Grimes Weaves Weaponized Pop

Once in a while, an artist comes along whose very unwillingness to bend to industry rules or creative expectation leads to their success. Prince and David Bowie both come to mind. It’s far too early to tell if Grimes’s career will have such an impact, but like St. Vincent and Janelle Monae, she’s certainly off to the right start. Née Claire Boucher, Grimes is one of the very best producers working today, an astonishing songwriter and creative mind who is only beginning to reach her own potential at the age of 28. In her music, she grapples with fame, our relationship to technology, self-doubt, sexual violence, and anxiety, and spins it into her own unique web. If you’re not on the bandwagon yet, now would be the time to board. 

Grimes burst onto the scene in 2012 with Visions, her third LP overall, but the first to garner widespread attention. She recorded the album alone in Montreal, primarily using Apple’s GarageBand, and the results were electrifying. It’s a dense, atmospheric record, full of throbbing beats and spectral vocals. At its heart sits “Oblivion,” which Pitchfork deemed the best song of the first half of the 2010s, wrestling the very human fears of one’s long-term impact and legacy:  “Are you going to age with grace? Are you going to age without mistakes?”

In the months and years after Visions, her reputation and fame started to take off. Grimes went from clubs to amphitheater stages, joining forces with Lana Del Rey on her 2015 summer tour, as well as Bunbury headliners Florence + The Machine’s massive 2016 North American outing. There would be hints of new music (2014 single “Go”), but fans thirsted for a new record. What they got was a masterpiece. Released last winter, Art Angels is a chameleon of an album, shapeshifting from one song to the next while always wearing the cloak of Boucher’s masterful production. Once again, she was responsible for nearly all of the music, including the haunting violin work, and her impeccable ear for melody has only improved. She takes the sounds and textures of 90’s pop and bends them to her own whims, weaponizing synthesizers and acoustic guitars that once buoyed vapid boy bands. Where Visions was insular and atmospheric, Art Angels is sunny and explosive, but behind every bouncy hook is a set of fangs.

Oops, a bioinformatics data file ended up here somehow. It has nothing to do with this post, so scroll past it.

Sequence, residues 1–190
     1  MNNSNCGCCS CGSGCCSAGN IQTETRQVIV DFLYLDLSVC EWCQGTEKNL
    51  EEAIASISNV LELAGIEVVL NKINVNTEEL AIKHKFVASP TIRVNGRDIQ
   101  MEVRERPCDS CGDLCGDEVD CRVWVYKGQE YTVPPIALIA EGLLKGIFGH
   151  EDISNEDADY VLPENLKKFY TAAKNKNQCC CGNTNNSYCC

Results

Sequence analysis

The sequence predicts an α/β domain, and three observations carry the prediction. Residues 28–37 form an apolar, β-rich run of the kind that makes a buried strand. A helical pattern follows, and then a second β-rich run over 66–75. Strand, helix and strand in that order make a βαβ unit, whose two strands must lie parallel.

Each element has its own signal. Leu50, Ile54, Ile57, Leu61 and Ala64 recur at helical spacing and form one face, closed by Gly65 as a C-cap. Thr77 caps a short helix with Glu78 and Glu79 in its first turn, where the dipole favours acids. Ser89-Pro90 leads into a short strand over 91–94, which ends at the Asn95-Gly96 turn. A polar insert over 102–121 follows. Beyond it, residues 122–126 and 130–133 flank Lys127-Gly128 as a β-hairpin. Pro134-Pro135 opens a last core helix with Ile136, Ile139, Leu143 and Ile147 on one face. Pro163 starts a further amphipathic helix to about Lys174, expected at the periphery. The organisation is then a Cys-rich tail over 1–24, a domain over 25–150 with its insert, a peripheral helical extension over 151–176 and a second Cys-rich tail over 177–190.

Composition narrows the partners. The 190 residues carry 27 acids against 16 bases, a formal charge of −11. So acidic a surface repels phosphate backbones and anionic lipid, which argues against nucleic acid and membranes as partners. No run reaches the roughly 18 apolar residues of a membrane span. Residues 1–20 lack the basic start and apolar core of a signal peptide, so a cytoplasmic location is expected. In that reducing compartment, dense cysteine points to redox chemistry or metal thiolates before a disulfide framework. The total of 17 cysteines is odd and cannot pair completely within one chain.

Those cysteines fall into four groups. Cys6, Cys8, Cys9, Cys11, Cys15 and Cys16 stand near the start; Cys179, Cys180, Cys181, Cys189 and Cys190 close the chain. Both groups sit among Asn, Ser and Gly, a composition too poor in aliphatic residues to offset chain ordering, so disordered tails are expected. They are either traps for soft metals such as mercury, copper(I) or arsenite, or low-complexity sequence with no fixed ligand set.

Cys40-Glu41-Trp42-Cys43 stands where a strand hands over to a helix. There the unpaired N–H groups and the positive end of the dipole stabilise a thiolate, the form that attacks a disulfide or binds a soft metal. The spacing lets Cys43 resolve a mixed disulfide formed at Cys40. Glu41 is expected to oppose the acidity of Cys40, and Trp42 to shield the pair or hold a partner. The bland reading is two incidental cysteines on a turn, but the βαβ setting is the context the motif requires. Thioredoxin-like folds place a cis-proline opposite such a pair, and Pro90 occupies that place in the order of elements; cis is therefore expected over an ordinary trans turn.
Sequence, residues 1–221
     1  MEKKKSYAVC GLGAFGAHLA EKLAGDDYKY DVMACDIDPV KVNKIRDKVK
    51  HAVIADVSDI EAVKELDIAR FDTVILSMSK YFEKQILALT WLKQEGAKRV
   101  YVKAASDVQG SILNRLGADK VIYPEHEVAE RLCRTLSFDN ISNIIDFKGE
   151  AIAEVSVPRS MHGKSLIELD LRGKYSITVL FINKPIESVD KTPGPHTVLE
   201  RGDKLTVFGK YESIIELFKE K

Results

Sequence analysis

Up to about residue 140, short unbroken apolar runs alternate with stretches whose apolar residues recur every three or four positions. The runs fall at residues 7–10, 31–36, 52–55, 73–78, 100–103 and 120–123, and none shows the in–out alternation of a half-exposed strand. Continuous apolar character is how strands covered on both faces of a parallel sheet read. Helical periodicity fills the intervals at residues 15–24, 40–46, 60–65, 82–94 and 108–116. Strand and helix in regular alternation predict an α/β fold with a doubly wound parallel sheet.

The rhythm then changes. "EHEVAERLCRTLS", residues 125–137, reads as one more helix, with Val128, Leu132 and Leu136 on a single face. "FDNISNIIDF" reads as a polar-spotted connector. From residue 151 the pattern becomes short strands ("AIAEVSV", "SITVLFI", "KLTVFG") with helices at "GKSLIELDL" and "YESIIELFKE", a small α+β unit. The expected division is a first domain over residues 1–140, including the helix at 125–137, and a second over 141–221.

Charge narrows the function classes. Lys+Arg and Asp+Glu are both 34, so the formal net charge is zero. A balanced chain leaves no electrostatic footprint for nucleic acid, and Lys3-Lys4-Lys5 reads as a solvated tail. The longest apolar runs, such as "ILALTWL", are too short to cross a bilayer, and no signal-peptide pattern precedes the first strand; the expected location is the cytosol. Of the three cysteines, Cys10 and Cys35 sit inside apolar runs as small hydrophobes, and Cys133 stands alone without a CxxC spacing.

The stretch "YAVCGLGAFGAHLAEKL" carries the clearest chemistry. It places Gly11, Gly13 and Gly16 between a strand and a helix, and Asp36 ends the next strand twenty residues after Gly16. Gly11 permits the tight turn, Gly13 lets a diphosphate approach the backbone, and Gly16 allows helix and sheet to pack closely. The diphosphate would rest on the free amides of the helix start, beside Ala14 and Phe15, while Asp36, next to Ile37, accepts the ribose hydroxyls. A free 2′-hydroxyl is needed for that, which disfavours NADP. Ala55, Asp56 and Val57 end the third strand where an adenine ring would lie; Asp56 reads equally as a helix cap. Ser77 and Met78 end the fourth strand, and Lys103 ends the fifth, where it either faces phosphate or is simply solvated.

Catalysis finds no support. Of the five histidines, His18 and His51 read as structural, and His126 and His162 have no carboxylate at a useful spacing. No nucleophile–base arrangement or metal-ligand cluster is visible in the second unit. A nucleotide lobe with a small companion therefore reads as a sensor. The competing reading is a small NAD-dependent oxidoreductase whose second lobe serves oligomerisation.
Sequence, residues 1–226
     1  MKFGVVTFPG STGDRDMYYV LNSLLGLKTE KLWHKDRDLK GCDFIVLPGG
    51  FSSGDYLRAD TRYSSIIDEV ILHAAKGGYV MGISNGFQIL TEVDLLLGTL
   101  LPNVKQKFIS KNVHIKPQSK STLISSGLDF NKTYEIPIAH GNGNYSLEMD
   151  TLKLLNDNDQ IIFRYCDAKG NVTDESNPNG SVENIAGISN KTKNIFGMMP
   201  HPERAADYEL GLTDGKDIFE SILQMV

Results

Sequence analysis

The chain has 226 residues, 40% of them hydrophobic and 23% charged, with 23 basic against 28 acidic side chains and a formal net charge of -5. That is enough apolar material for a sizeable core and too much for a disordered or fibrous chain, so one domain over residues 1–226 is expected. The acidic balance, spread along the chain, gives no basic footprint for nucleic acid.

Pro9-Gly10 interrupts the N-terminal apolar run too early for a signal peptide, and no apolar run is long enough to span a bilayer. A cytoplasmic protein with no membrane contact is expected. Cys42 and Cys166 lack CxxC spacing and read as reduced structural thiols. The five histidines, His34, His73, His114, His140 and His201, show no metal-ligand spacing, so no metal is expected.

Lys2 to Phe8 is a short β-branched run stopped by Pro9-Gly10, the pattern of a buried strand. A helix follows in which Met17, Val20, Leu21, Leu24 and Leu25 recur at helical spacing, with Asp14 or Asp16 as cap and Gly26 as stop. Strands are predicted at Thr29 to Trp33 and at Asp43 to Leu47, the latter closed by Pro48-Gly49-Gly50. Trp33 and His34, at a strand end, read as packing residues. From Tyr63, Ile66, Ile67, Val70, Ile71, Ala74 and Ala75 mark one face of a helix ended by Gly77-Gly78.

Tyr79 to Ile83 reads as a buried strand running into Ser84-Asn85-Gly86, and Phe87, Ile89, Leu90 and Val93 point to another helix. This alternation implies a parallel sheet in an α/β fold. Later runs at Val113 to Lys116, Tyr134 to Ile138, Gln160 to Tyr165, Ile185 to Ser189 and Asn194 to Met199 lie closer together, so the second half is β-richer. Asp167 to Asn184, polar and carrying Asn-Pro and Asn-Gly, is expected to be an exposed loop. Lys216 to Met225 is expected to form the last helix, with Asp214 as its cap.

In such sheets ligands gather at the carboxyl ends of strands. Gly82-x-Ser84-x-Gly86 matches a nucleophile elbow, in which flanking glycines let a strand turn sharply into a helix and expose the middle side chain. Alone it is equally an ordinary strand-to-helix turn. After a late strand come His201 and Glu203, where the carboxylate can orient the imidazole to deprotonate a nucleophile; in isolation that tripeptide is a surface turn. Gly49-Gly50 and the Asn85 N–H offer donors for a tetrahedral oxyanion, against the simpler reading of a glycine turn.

The reach of Boucher’s creative vision extends well beyond the music. Her videos are elaborate, high-concept affairs, and she creates all of the artwork for her own albums. She is equally important for her role in combatting sexism in the music industry, and has documented instances in which male producers have demanded sex in return for work. In a 2015 FADER interview, she expanded on her exasperation: “The thing that I hate about the music industry is all of a sudden it’s like, ‘Grimes is a female musician’ and, ‘Grimes has a girly voice.’ It’s like, yeah, but I’m a producer and I spend all day looking at fucking graphs and EQs and doing really technical work.”

When you think about current artists who have the potential to headline arenas and festivals in the future, Grimes is near the top of that list. She marries art school conceptual work to infectious pop hooks, and her appeal is nearly limitless. Early reports from her Art Angels tours (cheekily dubbed “March of the Pugs”) have been phenomenal, and her Bunbury appearance should be no different.

Grimes performs at 6:15 PM on Sunday, June 5th at the Yeatman’s Cove Stage

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